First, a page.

Saturday, November 4, 2017

Some speedrunning video recording practices I hate

I love watching speedruns. Quite often when I have played a game through I will search for the current world record speedrun of it, to watch it (which most often than not can be found on speedrun.com).

Sometimes (of course not always, but way too often), however, I find the video recording of the speedrun pretty much unwatchable. So much that I can't even watch the video.

One thing that can make the video almost unwatchable is abysmal video quality. As in, a video encoding bitrate that's way, way too low, making the video full of artifacts. The worst examples I have seen have so many compression artifacts due to low bitrate that at points it actually becomes hard to distinguish what's happening.

I do understand that in at least a few cases it may be due to the technical limitations of the computer and/or internet connection of the speedrunner. Not every person has a top-of-the-line super gaming PC with the latest bells and whistles, and a super-fast internet connection allowing him to stream the speedrun to twitch.tv at BluRay quality. Sometimes the PC simply is lower-end, and can't capture video that efficiently, or the internet connection is slow, and simply can't stream the video at high quality. I understand that. But that doesn't change the fact that it can make watching the video a pain.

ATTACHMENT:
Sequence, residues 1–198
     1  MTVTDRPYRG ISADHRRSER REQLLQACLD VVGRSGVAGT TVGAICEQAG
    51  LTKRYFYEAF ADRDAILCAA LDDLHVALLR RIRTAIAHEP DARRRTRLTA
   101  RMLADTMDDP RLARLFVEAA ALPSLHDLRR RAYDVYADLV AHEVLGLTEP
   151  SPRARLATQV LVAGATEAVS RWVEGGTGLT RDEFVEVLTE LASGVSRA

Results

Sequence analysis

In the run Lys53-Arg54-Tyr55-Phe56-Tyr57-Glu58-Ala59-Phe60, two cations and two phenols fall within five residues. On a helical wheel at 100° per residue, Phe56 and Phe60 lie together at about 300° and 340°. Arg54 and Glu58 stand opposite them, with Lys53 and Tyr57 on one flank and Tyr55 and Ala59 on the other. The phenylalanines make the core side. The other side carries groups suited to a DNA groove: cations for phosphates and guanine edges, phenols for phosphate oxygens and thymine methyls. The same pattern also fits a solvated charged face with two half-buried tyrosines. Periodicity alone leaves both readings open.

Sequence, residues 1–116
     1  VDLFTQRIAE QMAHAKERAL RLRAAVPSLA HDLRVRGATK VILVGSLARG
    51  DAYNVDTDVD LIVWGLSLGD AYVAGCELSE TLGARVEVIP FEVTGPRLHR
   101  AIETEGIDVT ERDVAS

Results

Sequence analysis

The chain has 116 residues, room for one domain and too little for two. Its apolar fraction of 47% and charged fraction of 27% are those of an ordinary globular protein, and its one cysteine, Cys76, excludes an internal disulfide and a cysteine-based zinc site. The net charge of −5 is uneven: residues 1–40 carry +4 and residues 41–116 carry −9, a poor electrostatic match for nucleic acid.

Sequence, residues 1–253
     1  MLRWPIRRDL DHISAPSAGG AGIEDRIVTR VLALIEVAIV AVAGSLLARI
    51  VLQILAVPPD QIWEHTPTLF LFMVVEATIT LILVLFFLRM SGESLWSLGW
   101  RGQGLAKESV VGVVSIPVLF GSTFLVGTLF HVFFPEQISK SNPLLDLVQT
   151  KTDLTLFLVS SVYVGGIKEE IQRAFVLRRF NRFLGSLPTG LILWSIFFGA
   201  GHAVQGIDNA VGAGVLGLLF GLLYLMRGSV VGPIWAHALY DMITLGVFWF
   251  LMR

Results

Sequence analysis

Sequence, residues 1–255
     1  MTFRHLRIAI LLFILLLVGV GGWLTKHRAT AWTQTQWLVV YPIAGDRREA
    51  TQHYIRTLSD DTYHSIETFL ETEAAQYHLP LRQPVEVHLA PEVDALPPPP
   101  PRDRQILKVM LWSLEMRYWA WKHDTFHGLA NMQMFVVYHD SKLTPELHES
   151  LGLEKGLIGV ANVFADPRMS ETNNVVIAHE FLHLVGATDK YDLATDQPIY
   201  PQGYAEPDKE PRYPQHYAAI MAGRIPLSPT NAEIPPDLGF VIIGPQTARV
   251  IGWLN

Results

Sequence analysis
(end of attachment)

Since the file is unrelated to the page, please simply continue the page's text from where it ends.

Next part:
Another, even worse flaw, is when the video lacks the original sounds from the game. I know this might sound trivial and perhaps even strange to some, but it just bothers me a lot when the video lacks sound (or the sound has been completely replaced or swamped by something else, such as custom music).

Here also there are situations where the speedrunner himself isn't at fault. Sometimes eg. twitch.tv will mute the soundtrack of the stream because of copyright reasons. There's little that can be done about that. Othertimes there might have been a technical issue with the recording or streaming which caused the soundtrack to become heavily broken, and thus the speedrunner just muted it. (Or perhaps the technical issue caused the stream not to have a sound in the first place, at least not from the game itself.) There have been examples of such speedruns I have encountered. Still, like above, this knowledge doesn't help much.

However, oftentimes the sound isn't lacking because of some technical issue, but because the speedrunner deliberately muted it, or swamped it with something else (such as unrelated music). In a way this is even more bothering.

These things often ruin the watching experience so much that I just can't watch. Which is a pity, since I love speedruns.

I know this is a nitpicky first-world problem, but heck, I created this blog precisely to rant about things like this, so you'll have to bear it.

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